Online Networking — Good and Bad
By Kevin Donlin | March 24th, 2008
Just read an interesting article in The San Francisco Chronicle on networking, with good and bad advice on your job search.
Let’s start with the bad advice.
According to BJ Fogg, professor at Stanford’s Persuasive Technology Lab, the close interactions between friends on Facebook can easily be leveraged for this purpose. “Post to your status update that you are actively looking for a job. Or create a short video where you let people know what kind of job you are looking for and how you qualify. Tag selected friends and ask them to leave comments about the video and forward it to relevant contacts,” explains the professor who also mentions the possibility of creating a group. “You could call it ‘find me a job’ and ask your friends to join it,” he suggests.
This qualifies as bad advice for two reasons.
First, as a rule of thumb, never listen to business tips (in general) or job-hunting tips (in particular) from a professor or other academic, unless they used to hire people or run a business in the real world. Because academia is not the real world. (The three words that make me run screaming from any business article are: “The professor suggests …”)
Second, I’ve seen plenty of video resumes and other attempts by job seekers to use the medium to find work. And I have yet to see a single video that made me want to meet anyone. Not one.
In fact, most job-search videos have the opposite effect.
That vast majority I’ve seen have given me many, many reasons NOT to call whoever filmed it, ranging from stilted delivery and cliched wording to shabby hair and poor sound.
For some reason, video resumes bring out my inner Simon, and I find myself thinking things like, “Oh, stop. You’re dreadful. You will never, ever, ever have a career in sales. Not in a billion years. There are only so many words in my vocabulary to say how awful that was.” (You, too?)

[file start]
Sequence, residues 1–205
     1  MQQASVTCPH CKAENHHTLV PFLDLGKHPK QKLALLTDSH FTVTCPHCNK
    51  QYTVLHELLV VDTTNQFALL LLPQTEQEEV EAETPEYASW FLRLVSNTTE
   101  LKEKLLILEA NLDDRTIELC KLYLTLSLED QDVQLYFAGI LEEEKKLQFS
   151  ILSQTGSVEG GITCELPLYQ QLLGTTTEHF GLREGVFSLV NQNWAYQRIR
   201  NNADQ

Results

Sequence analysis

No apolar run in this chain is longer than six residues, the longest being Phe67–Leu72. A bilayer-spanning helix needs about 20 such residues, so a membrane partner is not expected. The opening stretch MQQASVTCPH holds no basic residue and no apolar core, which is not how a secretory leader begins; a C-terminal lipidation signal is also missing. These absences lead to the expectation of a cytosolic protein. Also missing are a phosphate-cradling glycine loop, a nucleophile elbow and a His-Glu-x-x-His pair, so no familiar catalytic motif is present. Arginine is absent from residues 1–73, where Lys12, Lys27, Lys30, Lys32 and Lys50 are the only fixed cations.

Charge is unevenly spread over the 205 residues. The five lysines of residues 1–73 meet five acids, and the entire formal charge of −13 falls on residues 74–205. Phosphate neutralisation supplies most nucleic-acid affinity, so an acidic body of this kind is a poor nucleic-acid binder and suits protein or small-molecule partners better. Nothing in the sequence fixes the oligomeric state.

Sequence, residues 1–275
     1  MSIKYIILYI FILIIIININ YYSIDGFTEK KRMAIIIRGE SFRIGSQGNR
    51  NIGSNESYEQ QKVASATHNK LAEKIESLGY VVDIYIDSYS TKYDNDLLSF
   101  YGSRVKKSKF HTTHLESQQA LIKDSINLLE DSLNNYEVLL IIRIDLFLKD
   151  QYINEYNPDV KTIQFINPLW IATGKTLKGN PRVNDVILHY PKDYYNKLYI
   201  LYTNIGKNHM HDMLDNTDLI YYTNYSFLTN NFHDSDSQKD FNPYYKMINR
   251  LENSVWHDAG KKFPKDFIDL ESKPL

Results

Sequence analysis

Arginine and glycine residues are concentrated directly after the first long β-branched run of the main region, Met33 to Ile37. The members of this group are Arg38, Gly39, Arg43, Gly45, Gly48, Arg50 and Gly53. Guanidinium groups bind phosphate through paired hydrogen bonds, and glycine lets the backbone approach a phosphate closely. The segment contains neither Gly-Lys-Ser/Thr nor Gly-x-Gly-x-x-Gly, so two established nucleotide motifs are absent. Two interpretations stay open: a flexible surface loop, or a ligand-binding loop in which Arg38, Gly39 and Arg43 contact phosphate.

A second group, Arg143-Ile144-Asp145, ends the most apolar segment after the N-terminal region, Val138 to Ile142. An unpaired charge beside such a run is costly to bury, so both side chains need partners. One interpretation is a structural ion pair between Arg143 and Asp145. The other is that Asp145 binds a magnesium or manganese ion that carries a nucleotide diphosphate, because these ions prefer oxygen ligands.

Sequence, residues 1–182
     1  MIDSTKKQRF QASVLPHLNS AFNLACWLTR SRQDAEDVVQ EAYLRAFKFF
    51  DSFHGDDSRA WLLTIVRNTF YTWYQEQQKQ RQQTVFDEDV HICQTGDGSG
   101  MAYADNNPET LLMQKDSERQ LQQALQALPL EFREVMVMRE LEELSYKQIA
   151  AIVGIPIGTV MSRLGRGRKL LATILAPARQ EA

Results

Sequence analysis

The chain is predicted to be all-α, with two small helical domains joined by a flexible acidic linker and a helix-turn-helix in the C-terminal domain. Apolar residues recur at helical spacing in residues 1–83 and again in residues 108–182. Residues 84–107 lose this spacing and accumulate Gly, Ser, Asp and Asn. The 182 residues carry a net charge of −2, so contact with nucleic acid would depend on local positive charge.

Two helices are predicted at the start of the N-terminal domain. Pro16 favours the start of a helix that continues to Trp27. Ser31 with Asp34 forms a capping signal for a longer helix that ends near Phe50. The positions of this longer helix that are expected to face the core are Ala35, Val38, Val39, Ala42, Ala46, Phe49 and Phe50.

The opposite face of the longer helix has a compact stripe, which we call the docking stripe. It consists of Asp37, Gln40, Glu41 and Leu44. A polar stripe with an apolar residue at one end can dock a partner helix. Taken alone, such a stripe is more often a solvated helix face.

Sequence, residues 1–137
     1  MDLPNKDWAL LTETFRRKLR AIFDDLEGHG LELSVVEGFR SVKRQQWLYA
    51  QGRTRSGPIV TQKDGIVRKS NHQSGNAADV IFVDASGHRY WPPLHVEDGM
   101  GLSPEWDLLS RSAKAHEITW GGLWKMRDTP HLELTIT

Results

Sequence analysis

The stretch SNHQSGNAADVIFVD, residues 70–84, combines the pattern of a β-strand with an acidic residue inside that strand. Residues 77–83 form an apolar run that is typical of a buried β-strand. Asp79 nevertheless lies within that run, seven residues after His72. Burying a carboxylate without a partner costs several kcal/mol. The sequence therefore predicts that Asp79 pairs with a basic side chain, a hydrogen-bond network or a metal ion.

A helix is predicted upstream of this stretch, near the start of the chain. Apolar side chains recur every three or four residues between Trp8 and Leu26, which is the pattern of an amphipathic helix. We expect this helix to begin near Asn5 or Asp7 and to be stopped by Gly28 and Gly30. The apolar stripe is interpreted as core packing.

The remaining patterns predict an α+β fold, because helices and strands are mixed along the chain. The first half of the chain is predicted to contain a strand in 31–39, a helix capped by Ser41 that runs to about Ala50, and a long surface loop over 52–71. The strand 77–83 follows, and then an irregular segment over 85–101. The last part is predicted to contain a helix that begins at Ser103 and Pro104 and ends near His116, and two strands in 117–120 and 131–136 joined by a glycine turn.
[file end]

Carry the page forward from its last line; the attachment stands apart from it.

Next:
So, give the job search videos a pass for now.
Anyway. Among the good advice was this:
Robb Hecht, digital managing director with the media communications agency Universal McCann, found his current position through LinkedIn. A recruiter saw his profile which also linked to his blog, Media 2.0. “My LinkedIn profile is much more comprehensive than a traditional resume. One of the things I like to include is any media coverage or mentions that I have helped generate,” says Hecht who has integrated his LinkedIn profile with his Facebook profile. “This has a good cross-media effect in terms of building dialogue with the business professionals on LinkedIn as well as with non-business conversations on Facebook. As Facebook continually gains more usage among older professionals, it will actually be used as a job networking site,” he says. He currently sees Facebook as positioned between the “all fun” MySpace network and the “all work” LinkedIn network.
It’s not just your LinkedIn profile that can get the attention of hiring managers. It’s the things you link to from your profile, including your blog, if you have one. (If not, why not?)
Spread the Word: